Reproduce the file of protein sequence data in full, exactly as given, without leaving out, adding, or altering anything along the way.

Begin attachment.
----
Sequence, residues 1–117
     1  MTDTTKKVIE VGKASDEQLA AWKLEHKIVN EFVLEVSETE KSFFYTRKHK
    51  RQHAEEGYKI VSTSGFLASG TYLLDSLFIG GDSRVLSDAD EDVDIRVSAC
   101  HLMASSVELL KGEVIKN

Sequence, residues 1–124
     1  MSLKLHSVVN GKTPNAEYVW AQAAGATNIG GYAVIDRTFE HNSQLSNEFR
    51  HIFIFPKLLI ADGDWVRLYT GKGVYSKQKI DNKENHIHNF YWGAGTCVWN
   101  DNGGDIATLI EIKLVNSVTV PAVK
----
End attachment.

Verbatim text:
Sequence, residues 1–117
     1  MTDTTKKVIE VGKASDEQLA AWKLEHKIVN EFVLEVSETE KSFFYTRKHK
    51  RQHAEEGYKI VSTSGFLASG TYLLDSLFIG GDSRVLSDAD EDVDIRVSAC
   101  HLMASSVELL KGEVIKN

Sequence, residues 1–124
     1  MSLKLHSVVN GKTPNAEYVW AQAAGATNIG GYAVIDRTFE HNSQLSNEFR
    51  HIFIFPKLLI ADGDWVRLYT GKGVYSKQKI DNKENHIHNF YWGAGTCVWN
   101  DNGGDIATLI EIKLVNSVTV PAVK